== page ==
Sunday, March 08, 2009


Guardian, UK - Scientists will warn this week that rising sea levels, triggered by global warming, pose a far greater danger to the planet than previously estimated. There is now a major risk that many coastal areas around the world will be inundated by the end of the century because Antarctic and Greenland ice sheets are melting faster than previously estimated.

Low-lying areas including Bangladesh, Florida, the Maldives and the Netherlands face catastrophic flooding, while, in Britain, large areas of the Norfolk Broads and the Thames estuary are likely to disappear by 2100. In addition, cities including London, Hull and Portsmouth will need new flood defenses.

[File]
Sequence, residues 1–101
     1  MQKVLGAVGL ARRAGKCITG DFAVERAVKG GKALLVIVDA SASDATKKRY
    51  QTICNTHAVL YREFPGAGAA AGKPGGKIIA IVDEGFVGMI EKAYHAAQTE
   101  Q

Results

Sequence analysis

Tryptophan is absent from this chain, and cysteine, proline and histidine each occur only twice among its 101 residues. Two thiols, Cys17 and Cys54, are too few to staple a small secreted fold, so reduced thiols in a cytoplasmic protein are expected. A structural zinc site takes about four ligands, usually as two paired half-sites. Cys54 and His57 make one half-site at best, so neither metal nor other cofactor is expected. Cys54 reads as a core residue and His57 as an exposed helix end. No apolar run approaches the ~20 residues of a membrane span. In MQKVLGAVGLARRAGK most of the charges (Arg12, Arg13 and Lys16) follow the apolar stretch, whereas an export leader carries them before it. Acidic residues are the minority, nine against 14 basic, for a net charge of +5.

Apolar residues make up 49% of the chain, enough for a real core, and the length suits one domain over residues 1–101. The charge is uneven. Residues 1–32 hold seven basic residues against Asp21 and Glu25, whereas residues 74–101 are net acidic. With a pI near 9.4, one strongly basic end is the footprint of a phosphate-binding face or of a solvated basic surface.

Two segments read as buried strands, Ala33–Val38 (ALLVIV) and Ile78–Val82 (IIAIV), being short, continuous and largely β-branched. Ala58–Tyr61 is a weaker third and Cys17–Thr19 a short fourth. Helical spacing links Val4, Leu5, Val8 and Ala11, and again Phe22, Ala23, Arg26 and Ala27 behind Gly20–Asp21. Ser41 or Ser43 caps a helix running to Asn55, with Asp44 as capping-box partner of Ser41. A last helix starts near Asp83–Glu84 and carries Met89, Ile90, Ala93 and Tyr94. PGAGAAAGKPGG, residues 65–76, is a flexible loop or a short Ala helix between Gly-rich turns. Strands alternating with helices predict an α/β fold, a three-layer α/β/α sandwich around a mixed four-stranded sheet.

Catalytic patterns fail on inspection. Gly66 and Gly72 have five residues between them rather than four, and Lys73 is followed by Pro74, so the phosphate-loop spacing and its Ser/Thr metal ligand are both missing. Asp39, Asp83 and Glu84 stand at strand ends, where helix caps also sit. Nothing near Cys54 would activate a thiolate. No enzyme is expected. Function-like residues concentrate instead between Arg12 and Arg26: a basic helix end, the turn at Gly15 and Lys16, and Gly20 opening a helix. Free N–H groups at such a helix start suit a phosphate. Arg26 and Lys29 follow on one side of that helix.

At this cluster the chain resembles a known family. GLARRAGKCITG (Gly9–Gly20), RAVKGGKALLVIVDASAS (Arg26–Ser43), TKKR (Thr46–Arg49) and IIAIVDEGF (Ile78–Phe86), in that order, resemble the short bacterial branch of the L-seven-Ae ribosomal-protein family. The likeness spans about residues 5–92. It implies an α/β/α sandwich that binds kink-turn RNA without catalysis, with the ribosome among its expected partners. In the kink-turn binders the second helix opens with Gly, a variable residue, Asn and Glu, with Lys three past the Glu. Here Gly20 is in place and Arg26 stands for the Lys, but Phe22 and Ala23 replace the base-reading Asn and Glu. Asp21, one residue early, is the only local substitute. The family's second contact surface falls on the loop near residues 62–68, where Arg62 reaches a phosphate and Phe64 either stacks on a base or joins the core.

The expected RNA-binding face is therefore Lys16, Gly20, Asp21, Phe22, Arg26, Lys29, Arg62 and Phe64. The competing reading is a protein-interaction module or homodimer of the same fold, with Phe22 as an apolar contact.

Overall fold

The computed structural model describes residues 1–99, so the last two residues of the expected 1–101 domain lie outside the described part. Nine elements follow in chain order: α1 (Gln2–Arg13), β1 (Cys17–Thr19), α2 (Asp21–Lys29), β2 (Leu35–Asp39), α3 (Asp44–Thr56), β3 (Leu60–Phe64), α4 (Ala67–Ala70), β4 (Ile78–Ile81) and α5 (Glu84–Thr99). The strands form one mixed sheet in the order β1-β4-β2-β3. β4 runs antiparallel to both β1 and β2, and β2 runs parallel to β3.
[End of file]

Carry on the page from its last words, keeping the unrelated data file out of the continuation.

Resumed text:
"It is now clear that there are going to be massive flooding disasters around the globe," said Dr David Vaughan, of the British Antarctic Survey. "Populations are shifting to the coast, which means that more and more people are going to be threatened by sea-level rises.". . .

The International Panel on Climate Change - when it presented its most up-to-date report on the likely impact of global warming in 2007 - concluded that sea-level rises of between 20 and 60 centimeters [8-23 inches] would occur by 2100. These figures were derived from estimates of how much the sea will increase in volume as it heats up, a process called thermal expansion, and from projected increases in run-off water from melting glaciers in the Himalayas and other mountain ranges.

But the report contained an important caveat: that its sea-level rise estimate contained very little input from melting ice sheets in Antarctica and Greenland. The IPCC forecast therefore tended to underestimate forthcoming changes. . .

These revisions suggest sea-level rises could easily top a meter by 2100 - a figure that is backed by the US Geological Survey, which this year warned that they could reach as much as 1.5 meters [five feet]